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Damned if we do…

November 17, 2011

…and damned if we don’t.

For decades, the society at large cried itself hoarse about the myriad reasons why women were not suitable to break the glass ceiling in the corporate world – not qualified enough, not driven enough, not willing to put in the hours, going for the ‘wrong’ sorts of jobs, not quantitative enough in our skill set. And then our generation of women ticks off all the right boxes as we go along.

And apparently, now the problem is that we do not take enough breaks or learn to relax. The article states:

 Today, 53% of corporate entry-level jobs are held by women, a percentage that drops to 37% for mid-management roles and 26% for vice presidents and senior managers, according to McKinsey research.

And then promptly goes on to blame women for not sorting their lives out. I do not debate the fact that my generation of women drives itself hard – God knows this is true, as I sit up at 1.33am rushing this post to get back to YET another case competition during my MBA which is littered with numerous examples of me taking on way more than I need to. What I do take offense to is that we get no credit for it, and are instead punished for it. Has the author considered the fact that there could be larger forces at play here, possibly even the same ones which have kept women out of boardrooms and executive management since time immemorial? It’s hardly like women were placed equally with men and then the Millennial women came along and spoilt it all!

Honestly, some days, I wonder if I should spare myself all this angst and turn housewife and watch daytime TV. But I’m too much of a Millennial woman and Type A for that. I’m seeing this fight through, and making my best attempt at breaking that ceiling – wish me luck! The ceiling is yet to be fully defined, but I’ll get there…

But seriously, since when have the promotion decisions included factors like ‘taking a break for personal reasons’, ‘going for a walk’ or ‘to go out for a lunch’? I continue to be baffled.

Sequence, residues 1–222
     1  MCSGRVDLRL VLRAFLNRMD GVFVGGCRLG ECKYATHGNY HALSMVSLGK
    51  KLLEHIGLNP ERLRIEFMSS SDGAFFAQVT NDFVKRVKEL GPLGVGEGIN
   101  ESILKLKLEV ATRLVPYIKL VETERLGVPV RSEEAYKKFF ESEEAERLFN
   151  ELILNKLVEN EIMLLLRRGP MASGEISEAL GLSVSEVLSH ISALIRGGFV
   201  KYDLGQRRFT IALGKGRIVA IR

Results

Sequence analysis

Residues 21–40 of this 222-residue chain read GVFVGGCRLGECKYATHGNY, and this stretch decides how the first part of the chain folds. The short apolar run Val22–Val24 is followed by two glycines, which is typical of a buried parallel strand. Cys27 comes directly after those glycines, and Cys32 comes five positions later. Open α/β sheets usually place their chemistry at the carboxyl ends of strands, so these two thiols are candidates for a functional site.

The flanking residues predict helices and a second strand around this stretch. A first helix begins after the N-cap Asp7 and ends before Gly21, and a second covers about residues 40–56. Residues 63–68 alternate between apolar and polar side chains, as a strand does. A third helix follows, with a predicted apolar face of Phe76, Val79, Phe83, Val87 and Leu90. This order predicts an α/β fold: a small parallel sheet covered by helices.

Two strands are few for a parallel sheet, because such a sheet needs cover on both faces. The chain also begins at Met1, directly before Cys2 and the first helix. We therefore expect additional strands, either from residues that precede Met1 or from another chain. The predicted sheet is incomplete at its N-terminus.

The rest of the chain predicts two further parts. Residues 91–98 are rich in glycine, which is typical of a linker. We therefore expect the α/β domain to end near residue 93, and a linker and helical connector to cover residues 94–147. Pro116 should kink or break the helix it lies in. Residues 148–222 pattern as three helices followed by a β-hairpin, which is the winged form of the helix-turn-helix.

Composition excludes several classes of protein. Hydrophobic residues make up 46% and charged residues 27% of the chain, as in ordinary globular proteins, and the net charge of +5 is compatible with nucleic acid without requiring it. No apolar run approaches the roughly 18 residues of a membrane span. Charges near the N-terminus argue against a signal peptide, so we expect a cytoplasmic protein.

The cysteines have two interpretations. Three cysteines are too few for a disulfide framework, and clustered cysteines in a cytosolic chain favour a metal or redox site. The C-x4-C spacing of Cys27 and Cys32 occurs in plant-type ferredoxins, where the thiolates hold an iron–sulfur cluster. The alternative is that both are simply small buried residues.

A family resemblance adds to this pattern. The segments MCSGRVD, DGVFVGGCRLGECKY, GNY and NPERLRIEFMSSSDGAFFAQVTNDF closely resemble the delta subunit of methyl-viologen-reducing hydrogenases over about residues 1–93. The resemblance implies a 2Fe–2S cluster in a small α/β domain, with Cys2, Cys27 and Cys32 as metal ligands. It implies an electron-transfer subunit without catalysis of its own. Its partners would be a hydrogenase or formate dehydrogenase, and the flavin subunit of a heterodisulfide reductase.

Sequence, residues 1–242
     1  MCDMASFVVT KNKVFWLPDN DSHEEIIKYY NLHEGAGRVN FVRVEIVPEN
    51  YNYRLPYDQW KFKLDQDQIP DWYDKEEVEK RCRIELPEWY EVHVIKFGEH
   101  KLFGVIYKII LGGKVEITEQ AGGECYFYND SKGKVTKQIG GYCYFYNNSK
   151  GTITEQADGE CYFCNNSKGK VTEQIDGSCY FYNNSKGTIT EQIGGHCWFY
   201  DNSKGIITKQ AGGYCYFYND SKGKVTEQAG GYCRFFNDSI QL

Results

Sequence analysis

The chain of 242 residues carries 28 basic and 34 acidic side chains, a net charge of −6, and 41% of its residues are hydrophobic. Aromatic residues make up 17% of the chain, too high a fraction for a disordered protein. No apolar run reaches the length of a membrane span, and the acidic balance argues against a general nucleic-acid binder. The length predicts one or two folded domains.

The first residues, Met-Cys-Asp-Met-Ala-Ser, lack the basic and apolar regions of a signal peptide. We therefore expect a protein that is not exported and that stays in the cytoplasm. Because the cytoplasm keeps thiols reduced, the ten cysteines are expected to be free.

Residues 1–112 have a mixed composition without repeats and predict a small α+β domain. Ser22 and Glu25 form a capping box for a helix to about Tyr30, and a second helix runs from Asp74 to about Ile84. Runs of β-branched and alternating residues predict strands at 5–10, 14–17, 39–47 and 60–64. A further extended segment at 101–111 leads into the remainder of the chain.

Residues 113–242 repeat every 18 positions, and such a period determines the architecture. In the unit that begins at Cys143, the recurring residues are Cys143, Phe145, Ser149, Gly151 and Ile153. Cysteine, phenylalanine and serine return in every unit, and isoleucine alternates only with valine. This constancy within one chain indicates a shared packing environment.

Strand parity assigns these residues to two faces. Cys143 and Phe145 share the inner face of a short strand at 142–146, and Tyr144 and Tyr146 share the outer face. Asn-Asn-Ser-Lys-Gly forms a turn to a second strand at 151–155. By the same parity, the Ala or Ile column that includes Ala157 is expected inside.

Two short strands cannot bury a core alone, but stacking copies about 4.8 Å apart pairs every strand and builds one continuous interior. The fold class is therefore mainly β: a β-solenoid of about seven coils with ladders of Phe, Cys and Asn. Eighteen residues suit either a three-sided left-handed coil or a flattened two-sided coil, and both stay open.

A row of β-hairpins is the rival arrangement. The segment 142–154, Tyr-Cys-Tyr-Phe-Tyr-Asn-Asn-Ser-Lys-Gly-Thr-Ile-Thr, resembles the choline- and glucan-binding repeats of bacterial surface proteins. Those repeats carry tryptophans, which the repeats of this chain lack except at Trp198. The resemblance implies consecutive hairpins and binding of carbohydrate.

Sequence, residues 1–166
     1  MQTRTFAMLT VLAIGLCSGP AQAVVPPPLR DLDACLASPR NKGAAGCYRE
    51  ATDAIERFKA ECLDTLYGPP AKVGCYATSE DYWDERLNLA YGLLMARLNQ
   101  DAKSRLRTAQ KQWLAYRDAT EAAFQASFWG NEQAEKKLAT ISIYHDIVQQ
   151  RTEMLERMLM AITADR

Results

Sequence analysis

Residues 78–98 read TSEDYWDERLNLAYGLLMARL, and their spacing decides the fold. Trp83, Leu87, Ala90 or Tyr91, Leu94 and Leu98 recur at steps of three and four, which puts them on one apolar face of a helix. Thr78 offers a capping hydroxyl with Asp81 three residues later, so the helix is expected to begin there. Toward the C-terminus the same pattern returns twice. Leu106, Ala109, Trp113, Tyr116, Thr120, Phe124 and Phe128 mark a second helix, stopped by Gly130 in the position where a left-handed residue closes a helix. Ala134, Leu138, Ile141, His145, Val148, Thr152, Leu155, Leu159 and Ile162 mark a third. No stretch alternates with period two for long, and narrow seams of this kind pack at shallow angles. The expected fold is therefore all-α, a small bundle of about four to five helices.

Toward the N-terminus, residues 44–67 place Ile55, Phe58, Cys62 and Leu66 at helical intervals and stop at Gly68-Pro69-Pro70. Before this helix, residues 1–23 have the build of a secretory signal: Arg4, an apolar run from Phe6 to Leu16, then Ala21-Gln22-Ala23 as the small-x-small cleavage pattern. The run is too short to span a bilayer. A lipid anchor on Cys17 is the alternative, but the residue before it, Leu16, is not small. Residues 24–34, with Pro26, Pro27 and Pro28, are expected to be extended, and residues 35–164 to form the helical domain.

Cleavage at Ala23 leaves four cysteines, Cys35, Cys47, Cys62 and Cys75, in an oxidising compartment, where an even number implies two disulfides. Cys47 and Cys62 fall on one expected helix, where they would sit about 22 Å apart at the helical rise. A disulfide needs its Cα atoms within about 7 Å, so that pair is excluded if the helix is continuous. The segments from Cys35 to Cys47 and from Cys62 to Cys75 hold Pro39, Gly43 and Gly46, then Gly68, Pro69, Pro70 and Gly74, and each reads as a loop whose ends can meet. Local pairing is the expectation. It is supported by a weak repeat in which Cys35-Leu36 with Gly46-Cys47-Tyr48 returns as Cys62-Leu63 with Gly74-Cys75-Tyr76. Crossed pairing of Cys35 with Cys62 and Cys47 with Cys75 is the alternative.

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5 Comments leave one →
  1. Khim Nyang permalink
    November 17, 2011 3:58 am

    I think that’s rubbish. It’s an opinion piece, and all the statistics quoted are correlation at best, which does not imply causation. Even the statistics quoted by the contributor in the comments is circumstantial. Not sure about you, I’m highly inclined to dismiss this article outright.

    • November 17, 2011 1:53 pm

      You are right. I’m over-reacting in even giving much credit to this opinion piece but I guess I identify v strongly with the Millennial woman who works so bloody hard, and can’t help being a tad irritated with other women dismissing all that effort ever so easily.

  2. November 17, 2011 1:49 pm

    I think you’ll relate very well to Joanne Wilson. 🙂 I’d interviewed her recently – http://www.alearningaday.com/2011/11/joanne-wilson-interview-iv-realacad.html.

    She is a popular angel investor and is a big ambassador of working women and women in entrepreneurship. 🙂

    PS: Would Looooooooooooooooooooooove to have you use the Disqus plugin on WordPress if you have time. That way we won’t have to fill in the form below each time. 🙂

    • November 17, 2011 1:54 pm

      Thanks for the link, will check out her profile…sounds like an interesting person.

      I stay away from Disqus because it’s blocked on corporate networks and I was prevented from responding to many interesting posts when I worked at banks and wished the blogger in question wouldn’t use it!

  3. December 29, 2011 10:50 pm

    Hi, I am writing to you on behalf of The Viewspaper regarding a major event on Twitter. If interested, please contact us at garimao@theviewspaper.net

    Regards,
    Garima

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